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Trump’s top infrastructure adviser quit

Infrastructure week is finally over.

President Returns To Washington From Palm Beach Michael Reynolds/Pool/Getty Images

As far as Trump administration chaos goes, the departure of infrastructure adviser D.J. Gribbin — “to pursue new opportunities,” according to the White House official who briefed transportation reporters on it Tuesday — is not that big of a deal. But the fact that the top White House aide focused on infrastructure is leaving in the midst of what’s allegedly a White House push for its infrastructure plan is a good tell that there is, in fact, no real push for an infrastructure plan.

President Donald Trump gave a speech about it last week in Ohio that rapidly generated into off-topic rambling, and the plan itself does nothing to fix the country’s most urgent infrastructure problems.

But a promise to deliver some kind of $1 trillion infrastructure boost was a signature element of Trump’s 2016 campaign platform, and combined with his (broken) promise to avoid Medicaid cuts and deliver affordable health insurance coverage to all, helped explain why Trump was perceived by voters as the most ideologically moderate GOP nominee in a generation or two.

With Gribbin out, we can close the door on the never-ending “infrastructure week” and say definitively that nothing is happening here.

What’s Trump’s infrastructure plan was

Candidate Trump promised a $1 trillion infrastructure plan, and the Trump White House swiftly began talking about a $1.5 trillion plan. But the actual plan rolled out in February is what we would normally describe as a $200 billion federal infrastructure plan, deconstructed into four parts:

  • $100 billion in matching funds to be made available to states and cities on new, less generous terms (more on this later).
  • A $50 billion rural block grant program that will be doled out to states based on the miles of rural roads and the extent of the rural population they have.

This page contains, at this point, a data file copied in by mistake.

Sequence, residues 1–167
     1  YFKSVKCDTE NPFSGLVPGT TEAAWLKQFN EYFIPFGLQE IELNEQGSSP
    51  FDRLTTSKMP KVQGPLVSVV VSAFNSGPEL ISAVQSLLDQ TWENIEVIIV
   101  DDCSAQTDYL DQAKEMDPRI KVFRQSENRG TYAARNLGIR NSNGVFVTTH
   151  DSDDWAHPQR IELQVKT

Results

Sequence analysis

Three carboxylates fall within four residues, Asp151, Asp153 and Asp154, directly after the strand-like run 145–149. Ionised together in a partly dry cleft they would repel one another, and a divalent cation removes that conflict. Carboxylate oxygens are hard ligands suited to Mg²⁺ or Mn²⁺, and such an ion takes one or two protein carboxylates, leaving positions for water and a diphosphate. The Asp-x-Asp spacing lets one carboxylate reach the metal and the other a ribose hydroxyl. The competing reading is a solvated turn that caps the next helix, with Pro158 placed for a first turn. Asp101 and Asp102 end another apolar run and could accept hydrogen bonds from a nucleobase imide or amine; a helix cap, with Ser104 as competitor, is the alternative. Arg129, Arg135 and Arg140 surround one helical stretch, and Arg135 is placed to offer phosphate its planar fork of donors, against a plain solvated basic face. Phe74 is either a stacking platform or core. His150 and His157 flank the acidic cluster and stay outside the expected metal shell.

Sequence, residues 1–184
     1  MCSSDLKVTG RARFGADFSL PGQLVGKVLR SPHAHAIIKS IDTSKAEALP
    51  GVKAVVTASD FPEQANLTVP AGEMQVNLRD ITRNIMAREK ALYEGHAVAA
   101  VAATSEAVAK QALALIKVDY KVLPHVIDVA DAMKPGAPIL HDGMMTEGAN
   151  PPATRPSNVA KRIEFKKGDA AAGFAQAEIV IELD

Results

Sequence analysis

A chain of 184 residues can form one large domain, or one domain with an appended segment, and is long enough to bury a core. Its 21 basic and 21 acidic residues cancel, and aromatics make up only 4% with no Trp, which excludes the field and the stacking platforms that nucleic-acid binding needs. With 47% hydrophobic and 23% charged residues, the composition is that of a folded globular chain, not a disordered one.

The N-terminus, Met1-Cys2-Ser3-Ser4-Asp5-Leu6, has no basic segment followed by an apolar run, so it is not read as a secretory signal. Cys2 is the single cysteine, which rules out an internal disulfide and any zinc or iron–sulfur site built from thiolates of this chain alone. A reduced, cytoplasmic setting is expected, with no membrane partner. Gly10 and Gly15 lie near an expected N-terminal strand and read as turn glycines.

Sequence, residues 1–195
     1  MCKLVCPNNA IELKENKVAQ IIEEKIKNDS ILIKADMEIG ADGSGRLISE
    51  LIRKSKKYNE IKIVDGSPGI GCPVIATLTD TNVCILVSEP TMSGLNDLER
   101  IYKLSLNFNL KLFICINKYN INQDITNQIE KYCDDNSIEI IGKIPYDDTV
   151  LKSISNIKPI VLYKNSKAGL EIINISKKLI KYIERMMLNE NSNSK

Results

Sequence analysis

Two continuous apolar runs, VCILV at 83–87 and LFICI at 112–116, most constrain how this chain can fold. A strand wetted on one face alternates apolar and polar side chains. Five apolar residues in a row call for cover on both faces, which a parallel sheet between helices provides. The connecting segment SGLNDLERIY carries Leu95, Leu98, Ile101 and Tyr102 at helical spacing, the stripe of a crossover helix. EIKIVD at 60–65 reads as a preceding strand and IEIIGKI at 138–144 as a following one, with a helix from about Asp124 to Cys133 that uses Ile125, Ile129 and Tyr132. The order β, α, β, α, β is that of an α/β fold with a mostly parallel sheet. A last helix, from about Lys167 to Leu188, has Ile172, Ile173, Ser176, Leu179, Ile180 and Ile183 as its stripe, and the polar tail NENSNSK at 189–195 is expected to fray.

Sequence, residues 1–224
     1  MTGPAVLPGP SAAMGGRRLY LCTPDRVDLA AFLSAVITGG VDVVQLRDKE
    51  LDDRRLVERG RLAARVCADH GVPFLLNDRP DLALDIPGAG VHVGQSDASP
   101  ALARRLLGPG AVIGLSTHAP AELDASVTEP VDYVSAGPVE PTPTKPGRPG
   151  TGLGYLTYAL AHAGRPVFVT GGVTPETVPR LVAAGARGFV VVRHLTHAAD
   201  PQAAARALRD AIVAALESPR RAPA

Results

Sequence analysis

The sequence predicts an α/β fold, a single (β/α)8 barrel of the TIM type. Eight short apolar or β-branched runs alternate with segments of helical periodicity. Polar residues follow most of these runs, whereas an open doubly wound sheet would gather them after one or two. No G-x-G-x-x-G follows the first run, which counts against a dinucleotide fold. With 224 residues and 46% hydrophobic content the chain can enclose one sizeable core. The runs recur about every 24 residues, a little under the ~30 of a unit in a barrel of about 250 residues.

• A $20 billion fund for “projects of national significance,” meaning, according to a weekend background briefing with administration officials, “projects that can lift the American spirit, that are the next-century-type of infrastructure as opposed to just rebuilding what we have currently.”
  • Another $20 billion to federal loan programs that underwrite private financing of profitable infrastructure projects.
  • Finally, a $10 billion capital financing program that would fund the construction of federal office buildings and similar infrastructure for actual government use.

The key logic of this plan, to the extent that there is one, is that the $100 billion grant program is supposed to generate a total level of infrastructure investment far in excess of what’s currently spent by state and local governments.

Right now, federally funded highways (that’s interstates and other routes) are financed on the basis of an 80-20 federal-state split. Federally funded mass transit projects usually get a 50-50 split.

Trump’s proposal is to flip the 80-20 formula on its head and require that states and cities kick in at least $4 for every $1 in federal money they receive. This vision of a stingier matching formula is defensible — some experts feel the current formula leads to overinvestment in new highway projects with little transportation value — but the White House’s notion that it will lead to an actual surge in state and local infrastructure spending is difficult to support.

States and cities are generally more fiscally constrained than the federal government, not less so. The practical impact of making the matching formula stingier would be to generate fewer new gleaming roads, not more.

The really big question about Trump and infrastructure, ever since he won the election, had been whether he actually wanted to get something done on this or if it was just a campaign line. The February proposal answered that question pretty definitively — by mashing up Trump’s vague rhetoric with his staff’s conventional hard-right politics, they landed on a formula with no bipartisan appeal and no actual path forward. And now the person who crafted the plan is heading out the door having accomplished nothing.